Wireless capsule endoscopy (CE) (commonly known to the general public as the "pill camera") represents a minimally invasive diagnostic modality for visualization of the gastrointestinal (GI) tract and is well tolerated by patients.9 While conventional CE has been shown to provide adequate visualization of luminal pathologies in the small bowel, colon and esophagus, visualization of the different parts of stomach by conventional CE remains challenging due to its passive propulsion through the GI tract by peristalsis or gravity and the large cavity size of the stomach. Recently, magnetically controlled capsule endoscopy (MCCE) systems comprised of small capsule endoscope, guidance magnet robot, data recorder, and computer workstation for real-time viewing and control of CE have become available and can provide a more controlled visualization of different anatomical parts of the stomach by CE.10, 11 In a study of 350 patients with UGI symptoms requiring conventional UGI endoscopy for evaluation, MCCE was shown to be safe and was able to provide adequate visualization of the stomach with a high sensitivity (90.4%) and specificity (94.7%) for focal gastric lesions when compared with conventional UGI endoscopy.11 However, despite its promising role as a minimally invasive diagnostic modality for structural pathologies of stomach, MCCE does not allow tissue acquisition and thus cannot provide information on HP infection status by rapid urease test (RUT) or histological examination. On the other hand, noninvasive test for HP by urea breath test (UBT) has been shown to be highly sensitive and specific for HP infection and can supplement MCCE to provide important information on the status of HP infection.12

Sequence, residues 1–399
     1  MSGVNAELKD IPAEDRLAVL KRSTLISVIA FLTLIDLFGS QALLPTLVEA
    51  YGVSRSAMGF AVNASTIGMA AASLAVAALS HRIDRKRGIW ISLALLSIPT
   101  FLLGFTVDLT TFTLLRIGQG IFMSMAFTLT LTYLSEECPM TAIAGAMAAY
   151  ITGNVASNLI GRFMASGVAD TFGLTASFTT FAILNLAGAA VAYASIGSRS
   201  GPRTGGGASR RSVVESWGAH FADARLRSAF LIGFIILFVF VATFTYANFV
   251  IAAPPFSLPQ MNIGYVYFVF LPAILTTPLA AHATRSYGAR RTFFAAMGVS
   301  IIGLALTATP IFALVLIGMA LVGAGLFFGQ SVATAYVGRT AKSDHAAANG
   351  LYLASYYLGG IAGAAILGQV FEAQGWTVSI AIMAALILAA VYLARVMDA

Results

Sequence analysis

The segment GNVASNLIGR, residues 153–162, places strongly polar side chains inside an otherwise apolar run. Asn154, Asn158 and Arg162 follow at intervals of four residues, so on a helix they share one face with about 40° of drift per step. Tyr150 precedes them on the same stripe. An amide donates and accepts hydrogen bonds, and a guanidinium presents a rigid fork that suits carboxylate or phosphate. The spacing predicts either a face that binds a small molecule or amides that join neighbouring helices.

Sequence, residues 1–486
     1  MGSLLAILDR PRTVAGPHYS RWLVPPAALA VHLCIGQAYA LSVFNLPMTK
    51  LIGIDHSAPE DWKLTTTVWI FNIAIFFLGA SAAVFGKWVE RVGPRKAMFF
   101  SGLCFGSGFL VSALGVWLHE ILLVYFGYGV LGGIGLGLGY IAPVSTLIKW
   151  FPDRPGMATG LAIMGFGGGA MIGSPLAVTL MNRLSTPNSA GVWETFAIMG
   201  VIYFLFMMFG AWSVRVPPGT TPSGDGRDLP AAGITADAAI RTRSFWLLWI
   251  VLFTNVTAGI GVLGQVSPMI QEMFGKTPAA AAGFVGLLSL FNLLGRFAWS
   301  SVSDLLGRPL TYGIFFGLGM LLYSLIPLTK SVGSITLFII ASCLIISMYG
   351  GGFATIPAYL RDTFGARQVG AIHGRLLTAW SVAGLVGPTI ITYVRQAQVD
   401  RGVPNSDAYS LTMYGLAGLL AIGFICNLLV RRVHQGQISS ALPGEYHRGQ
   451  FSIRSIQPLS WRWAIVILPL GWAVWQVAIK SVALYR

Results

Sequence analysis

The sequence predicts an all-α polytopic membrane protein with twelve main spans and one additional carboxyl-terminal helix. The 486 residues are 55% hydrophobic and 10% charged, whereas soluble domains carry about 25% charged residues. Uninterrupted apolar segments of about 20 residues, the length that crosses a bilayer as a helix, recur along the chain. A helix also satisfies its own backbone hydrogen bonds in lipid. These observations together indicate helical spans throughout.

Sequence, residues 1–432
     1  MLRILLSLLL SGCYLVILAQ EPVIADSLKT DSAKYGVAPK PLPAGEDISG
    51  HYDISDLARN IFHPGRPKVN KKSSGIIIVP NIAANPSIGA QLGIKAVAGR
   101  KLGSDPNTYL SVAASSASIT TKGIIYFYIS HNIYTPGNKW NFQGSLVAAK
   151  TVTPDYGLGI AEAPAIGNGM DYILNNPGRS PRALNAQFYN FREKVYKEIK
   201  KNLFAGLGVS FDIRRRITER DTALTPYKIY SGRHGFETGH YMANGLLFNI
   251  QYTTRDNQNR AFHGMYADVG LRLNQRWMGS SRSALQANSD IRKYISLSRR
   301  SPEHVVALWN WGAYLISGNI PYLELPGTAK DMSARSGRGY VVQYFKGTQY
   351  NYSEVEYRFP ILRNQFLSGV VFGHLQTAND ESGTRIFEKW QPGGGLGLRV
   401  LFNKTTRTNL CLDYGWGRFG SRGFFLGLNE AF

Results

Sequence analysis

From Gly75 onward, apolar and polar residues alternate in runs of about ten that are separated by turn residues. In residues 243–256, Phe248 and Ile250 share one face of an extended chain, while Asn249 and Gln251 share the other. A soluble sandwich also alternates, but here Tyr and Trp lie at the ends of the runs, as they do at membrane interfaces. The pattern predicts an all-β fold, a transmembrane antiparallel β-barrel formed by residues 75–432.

To date, there has been no dedicated study on the use of combined MCCE and UBT for minimally invasive evaluation of dyspepsia in Asian population. In order to address the gap in knowledge, we would like to propose a pilot prospective cohort study to investigate the clinical utility of combined MCCE and UBT as the initial minimally invasive evaluation of uninvestigated dyspepsia in Hong Kong patients between 35 to 60 years of age.

Condition Dyspepsia, Peptic Ulcer Disease, Gastroesophageal Reflux, Ugi Malignancies, Pancreatobiliary Disease
Treatment MCCE
Clinical Study IdentifierNCT04918472
SponsorChinese University of Hong Kong
Last Modified on4 October 2022


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Inclusion Criteria

Age 35 to 60
Patients with uninvestigated dyspeptic symptoms including epigastric pain or burning, bloating, postprandial fullness, belching, early satiety and nausea
Patients who are able to provide written informed consent to participate in the study and comply with the study procedures

Exclusion Criteria

Unable to provide written informed consent
Patients with contraindications for conventional UGI endoscopy or MCCE due to comorbidities
Patients with dysphagia, gastroparesis, gastrointestinal (GI) tract obstruction, or surgically altered anatomy of the GI tract
Patients with a permanent pacemaker, or implantable cardioverter-defibrillator
Patients with any electronic/magnetic/mechanically controlled devices e.g. sacral nerve stimulators, bladder stimulators
Patients with known inflammatory bowel disease, cancer of the GI tract
Patients who are pregnant or lactating